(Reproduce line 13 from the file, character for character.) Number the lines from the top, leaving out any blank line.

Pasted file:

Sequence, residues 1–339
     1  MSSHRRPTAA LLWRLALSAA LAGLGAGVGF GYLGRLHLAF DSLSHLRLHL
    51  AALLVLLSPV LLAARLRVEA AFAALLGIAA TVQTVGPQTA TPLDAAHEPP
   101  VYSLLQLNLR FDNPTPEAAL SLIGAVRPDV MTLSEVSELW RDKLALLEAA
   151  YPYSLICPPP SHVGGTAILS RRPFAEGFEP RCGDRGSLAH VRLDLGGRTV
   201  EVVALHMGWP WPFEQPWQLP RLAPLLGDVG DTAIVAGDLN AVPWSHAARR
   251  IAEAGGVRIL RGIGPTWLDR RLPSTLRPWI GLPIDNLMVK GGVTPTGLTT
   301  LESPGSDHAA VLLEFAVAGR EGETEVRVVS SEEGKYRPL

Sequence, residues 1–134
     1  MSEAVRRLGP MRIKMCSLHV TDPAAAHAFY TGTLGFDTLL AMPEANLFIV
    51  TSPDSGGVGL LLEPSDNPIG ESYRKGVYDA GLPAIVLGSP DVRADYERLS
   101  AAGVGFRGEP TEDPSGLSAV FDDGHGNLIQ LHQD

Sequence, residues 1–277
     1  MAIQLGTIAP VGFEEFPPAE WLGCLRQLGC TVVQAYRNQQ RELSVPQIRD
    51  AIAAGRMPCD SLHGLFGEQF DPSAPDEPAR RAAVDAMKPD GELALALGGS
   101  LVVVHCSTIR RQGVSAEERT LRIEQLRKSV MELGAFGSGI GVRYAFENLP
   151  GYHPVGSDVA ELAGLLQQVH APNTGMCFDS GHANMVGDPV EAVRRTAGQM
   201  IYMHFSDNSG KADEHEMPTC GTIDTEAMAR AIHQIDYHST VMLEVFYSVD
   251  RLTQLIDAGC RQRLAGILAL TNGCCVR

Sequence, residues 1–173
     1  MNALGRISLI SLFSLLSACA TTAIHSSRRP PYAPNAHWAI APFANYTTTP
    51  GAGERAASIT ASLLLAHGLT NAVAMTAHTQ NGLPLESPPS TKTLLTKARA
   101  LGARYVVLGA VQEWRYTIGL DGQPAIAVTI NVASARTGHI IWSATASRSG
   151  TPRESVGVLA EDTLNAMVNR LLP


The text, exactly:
Sequence, residues 1–277